You don’t have to listen to CBC radio for long to find something worth discussing. Last week it was log exports. It seems the NDP government is starting (very slowly) to follow through on an election promise to stop logging companies from shipping raw logs out of the province. It seems to be a no-brainer. The province is reducing the allowable timber cut to reflect present forest conditions and come closer to sustained-yield harvesting. Mills are closing because of lack of wood to mill. So we stop sending unmilled wood away to keep the jobs in B. C.
But for some reason, this isn’t happening. Why?
Life at the Top
The counter-argument goes thus; once a lumber company has harvested all the wood it is allowed, and once they have enough wood to keep their mills busy, it makes perfect sense to market the remainder wherever they can at the best price they can get.
And it does make sense. To the individual producer.
Businesses are in the game to make money. That’s their sole purpose in existing. They aren’t there to protect the environment or to give people jobs. Their only objective is to produce dividends for their shareholders. The bottom line is…well, it’s their bottom line. Profits.
Quotes from business executives are unequivocal. Stop shipping logs overseas, and it will reduce the number of forest sector jobs in the province. How? …well, nobody is willing to say. Since there is absolutely no logical explanation for this, we can only see the statement for how it is meant: a threat. “Do what we say, or we will retaliate.”
Who ships logs?
The big companies, of course, like Western Forest Products and Interfor. B.C.’s two biggest log exporters by far — TimberWest and Island Timberlands — do not operate a single mill between them. That’s right. They are solely exporters, competing with the mills of B. C. for logs. And winning. Thanks to the policies of the last “business-friendly” government, the big logging companies are making a fortune, while at the same time they are closing mills and putting people out of work.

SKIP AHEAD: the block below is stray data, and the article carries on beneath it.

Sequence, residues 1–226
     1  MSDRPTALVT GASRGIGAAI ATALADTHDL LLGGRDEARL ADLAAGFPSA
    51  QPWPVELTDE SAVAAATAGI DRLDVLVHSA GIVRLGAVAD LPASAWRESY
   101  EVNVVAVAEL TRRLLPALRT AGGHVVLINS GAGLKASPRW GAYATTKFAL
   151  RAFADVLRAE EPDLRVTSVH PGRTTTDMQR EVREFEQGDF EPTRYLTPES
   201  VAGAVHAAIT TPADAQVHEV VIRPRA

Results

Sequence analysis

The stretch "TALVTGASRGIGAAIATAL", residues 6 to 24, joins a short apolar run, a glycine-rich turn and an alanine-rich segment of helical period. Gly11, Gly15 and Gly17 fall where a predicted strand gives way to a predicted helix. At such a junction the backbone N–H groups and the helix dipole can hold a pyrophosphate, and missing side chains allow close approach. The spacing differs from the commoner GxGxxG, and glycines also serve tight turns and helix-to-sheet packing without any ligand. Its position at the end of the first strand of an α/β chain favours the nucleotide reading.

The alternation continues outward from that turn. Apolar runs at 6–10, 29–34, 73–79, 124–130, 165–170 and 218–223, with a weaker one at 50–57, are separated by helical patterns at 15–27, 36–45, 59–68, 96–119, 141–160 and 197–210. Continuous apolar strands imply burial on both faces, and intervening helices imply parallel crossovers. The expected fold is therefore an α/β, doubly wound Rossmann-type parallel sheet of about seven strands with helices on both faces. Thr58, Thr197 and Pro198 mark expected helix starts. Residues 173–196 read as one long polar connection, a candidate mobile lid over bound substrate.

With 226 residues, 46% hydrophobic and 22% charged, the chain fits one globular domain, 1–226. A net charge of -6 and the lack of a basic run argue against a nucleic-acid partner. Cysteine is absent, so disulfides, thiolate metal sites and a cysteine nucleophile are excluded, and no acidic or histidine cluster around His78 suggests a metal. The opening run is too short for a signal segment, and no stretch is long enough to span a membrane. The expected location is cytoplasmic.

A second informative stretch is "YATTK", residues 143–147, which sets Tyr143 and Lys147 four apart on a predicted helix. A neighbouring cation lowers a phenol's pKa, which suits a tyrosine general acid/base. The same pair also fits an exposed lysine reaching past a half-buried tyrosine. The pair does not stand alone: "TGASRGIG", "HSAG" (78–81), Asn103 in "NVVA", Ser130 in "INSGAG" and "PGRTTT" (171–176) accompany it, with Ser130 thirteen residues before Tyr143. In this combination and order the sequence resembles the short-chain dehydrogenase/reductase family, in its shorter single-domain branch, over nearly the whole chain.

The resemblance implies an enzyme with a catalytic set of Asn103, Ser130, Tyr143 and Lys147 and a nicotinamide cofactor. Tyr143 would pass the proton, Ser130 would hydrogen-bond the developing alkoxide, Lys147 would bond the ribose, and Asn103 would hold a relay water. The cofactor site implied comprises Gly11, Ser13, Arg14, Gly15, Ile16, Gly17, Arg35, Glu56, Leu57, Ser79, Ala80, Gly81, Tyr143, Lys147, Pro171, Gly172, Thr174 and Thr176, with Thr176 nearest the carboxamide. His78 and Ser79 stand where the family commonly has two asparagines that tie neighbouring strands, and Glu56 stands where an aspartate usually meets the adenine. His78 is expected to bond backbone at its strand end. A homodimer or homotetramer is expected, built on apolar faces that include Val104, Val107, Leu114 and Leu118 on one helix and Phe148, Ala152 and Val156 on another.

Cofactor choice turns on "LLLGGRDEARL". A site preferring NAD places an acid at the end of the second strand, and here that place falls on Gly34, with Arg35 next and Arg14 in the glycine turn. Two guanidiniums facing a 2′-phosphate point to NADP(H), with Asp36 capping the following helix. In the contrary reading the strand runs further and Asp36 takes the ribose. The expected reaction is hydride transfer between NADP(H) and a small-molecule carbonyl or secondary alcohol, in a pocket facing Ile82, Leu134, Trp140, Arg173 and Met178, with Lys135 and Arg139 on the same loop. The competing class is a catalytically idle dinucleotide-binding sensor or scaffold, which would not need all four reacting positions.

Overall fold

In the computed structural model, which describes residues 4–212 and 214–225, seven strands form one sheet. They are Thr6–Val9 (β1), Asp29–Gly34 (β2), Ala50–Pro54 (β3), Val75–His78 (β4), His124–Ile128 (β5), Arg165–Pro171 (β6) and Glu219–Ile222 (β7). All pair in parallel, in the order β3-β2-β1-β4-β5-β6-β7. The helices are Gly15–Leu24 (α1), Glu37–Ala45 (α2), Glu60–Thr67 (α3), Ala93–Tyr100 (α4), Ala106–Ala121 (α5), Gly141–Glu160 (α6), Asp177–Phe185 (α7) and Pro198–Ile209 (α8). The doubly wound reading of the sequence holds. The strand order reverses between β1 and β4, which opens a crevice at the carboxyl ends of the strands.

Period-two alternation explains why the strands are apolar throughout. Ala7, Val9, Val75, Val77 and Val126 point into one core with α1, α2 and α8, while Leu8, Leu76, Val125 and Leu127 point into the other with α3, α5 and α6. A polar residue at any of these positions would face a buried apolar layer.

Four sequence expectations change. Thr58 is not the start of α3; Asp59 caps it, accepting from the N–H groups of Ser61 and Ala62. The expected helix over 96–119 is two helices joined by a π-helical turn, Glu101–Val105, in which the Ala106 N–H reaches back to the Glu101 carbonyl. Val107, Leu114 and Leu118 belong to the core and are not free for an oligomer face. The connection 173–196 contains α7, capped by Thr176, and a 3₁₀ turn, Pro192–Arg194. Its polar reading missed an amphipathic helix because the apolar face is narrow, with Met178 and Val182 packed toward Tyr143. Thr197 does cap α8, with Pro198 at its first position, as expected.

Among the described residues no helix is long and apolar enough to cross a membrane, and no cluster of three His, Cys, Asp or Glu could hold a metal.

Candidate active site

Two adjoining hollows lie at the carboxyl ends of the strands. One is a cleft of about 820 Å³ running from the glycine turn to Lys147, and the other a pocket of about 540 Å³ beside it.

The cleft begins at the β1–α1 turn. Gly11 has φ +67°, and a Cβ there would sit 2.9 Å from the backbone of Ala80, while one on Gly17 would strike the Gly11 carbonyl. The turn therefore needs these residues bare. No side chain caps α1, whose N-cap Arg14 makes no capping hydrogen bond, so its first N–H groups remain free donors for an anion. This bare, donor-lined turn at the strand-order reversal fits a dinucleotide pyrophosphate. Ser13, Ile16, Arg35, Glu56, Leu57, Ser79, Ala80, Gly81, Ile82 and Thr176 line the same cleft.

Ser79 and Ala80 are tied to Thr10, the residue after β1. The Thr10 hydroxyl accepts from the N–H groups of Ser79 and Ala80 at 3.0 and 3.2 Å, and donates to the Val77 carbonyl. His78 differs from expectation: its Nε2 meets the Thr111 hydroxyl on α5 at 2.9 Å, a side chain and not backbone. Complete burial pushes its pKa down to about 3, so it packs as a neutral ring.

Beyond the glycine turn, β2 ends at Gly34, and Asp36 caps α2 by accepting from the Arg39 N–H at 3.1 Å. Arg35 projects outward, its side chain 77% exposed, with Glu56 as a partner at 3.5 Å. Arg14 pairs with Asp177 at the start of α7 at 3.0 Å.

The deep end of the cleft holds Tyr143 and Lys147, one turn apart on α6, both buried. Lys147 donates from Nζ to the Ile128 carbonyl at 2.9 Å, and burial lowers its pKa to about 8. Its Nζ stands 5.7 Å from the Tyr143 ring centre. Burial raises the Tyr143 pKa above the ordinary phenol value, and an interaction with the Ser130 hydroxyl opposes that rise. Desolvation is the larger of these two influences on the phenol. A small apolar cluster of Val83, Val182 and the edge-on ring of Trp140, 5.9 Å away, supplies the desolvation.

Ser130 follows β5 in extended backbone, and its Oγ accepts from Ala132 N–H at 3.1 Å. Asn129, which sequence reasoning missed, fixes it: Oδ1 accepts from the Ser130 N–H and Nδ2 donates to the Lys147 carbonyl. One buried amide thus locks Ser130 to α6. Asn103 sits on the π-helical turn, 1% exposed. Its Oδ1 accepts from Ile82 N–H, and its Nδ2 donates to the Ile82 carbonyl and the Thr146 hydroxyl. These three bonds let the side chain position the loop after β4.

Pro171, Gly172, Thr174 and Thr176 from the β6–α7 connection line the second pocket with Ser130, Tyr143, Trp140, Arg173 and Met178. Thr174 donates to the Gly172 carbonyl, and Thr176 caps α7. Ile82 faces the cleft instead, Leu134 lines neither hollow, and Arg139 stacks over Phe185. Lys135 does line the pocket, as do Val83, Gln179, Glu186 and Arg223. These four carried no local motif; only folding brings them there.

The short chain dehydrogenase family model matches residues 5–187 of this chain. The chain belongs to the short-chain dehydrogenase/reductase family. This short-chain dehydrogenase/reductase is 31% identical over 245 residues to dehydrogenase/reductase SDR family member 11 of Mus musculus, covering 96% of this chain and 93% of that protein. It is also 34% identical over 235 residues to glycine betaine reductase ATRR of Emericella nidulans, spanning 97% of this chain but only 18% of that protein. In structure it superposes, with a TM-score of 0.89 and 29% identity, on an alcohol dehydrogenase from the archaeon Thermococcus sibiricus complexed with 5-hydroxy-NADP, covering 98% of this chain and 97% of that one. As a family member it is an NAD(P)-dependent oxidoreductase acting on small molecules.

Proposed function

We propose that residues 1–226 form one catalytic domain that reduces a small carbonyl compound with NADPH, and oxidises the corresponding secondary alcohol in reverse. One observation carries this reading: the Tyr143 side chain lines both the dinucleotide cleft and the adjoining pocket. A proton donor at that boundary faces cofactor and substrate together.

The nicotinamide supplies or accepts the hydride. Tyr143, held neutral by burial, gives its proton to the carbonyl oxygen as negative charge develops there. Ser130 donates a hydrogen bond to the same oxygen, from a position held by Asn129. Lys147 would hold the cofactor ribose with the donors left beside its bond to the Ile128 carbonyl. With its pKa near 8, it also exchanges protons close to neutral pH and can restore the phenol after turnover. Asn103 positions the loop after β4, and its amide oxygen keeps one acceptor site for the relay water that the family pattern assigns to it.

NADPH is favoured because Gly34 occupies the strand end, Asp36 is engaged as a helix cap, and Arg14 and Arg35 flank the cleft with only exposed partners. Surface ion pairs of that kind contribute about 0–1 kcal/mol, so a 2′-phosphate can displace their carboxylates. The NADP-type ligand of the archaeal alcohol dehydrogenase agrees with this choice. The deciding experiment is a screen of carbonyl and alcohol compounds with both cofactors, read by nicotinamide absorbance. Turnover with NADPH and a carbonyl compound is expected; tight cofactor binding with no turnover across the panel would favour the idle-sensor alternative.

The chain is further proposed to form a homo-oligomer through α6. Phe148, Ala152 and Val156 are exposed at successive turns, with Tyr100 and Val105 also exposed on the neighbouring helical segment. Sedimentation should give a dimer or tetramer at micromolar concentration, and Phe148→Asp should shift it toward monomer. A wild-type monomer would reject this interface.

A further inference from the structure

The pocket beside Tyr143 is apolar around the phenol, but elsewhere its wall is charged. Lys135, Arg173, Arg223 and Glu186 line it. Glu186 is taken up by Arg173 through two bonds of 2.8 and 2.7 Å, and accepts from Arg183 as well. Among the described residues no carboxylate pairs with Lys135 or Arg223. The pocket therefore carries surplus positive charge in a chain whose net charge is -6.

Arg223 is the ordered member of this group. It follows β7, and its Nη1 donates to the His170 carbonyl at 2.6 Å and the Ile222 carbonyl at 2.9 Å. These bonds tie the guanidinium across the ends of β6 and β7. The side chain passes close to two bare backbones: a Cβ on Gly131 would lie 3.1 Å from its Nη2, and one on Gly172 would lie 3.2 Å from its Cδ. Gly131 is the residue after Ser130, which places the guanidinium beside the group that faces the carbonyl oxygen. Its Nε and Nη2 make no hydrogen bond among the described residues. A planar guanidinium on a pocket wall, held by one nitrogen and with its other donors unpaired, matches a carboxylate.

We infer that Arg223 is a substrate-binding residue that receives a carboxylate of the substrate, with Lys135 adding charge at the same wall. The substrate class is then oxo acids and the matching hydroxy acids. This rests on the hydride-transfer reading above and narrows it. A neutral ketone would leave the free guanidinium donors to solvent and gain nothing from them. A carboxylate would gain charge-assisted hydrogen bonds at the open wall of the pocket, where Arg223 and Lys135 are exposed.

Ideas from the Phone-in Audience
The usual tree-slashers and tree-huggers didn’t bring anything new to the table. Just their usual rants that will never reach a compromise.
The interesting person to listen to was the president of the B. C. Truck Logger’s Association. I was fascinated to see which side he was going to come down on. As I expected, his knee-jerk reaction was, “I’m in business, so I have to support the business side in any argument.”
No, buddy, you’re a small businessman, and the big companies who have scammed you into supporting them do not have your interests in mind. I don’t suppose it occurred to you that all of those logs your members trucked to the port would still have to be trucked to a sawmill? It seems to me that the truck loggers are the one group that can’t lose.
- About 7% of B. C.’s wood goes overseas unprocessed. In an 18 billion dollar industry employing 60,000 people, that’s about a billion dollars and over 4,000 jobs.
- 97% of all raw logs shipped from Canada come from B. C. What does the rest of the country know that we don’t?
- In B. C. it takes 1,312 cubic metres of wood per year to create one full-time job. In Ontario, it only takes 292 cubic metres.
Where do the extra jobs in Ontario come from? Value-added manufacturing, of course. Doing something to the logs before we ship them, in case anyone missed Economics 101. Something that requires expertise. That provides jobs that make us more money. That’s “us” as the people and government of the province, not the multi-national companies that are ripping us off at the moment.
As Canada has progressed economically, we have gradually diversified our “hewers of wood and drawers of water” economy. The two industries that have lagged behind are oil and forests. We’re still shipping our crude to refineries in other countries, and our logs to offshore mills. Why? Because somebody can get away with it. I wonder who?
How Do They Get Away With It?
It’s a clever trick, you have to admit. First, you get the government to let you export a lot of raw logs, starving the local mills of wood. Then you close the mills. Then you tell the government that there aren’t enough mills, so you have to export more raw logs. No, the tactic isn’t clever. What astounds me is their ability to persuade so many people to believe in their explanation.
The only log that leaves B. C. should be one with notches in the ends and a tag that reads something like, “#3 west wall, living room window sill,” on it.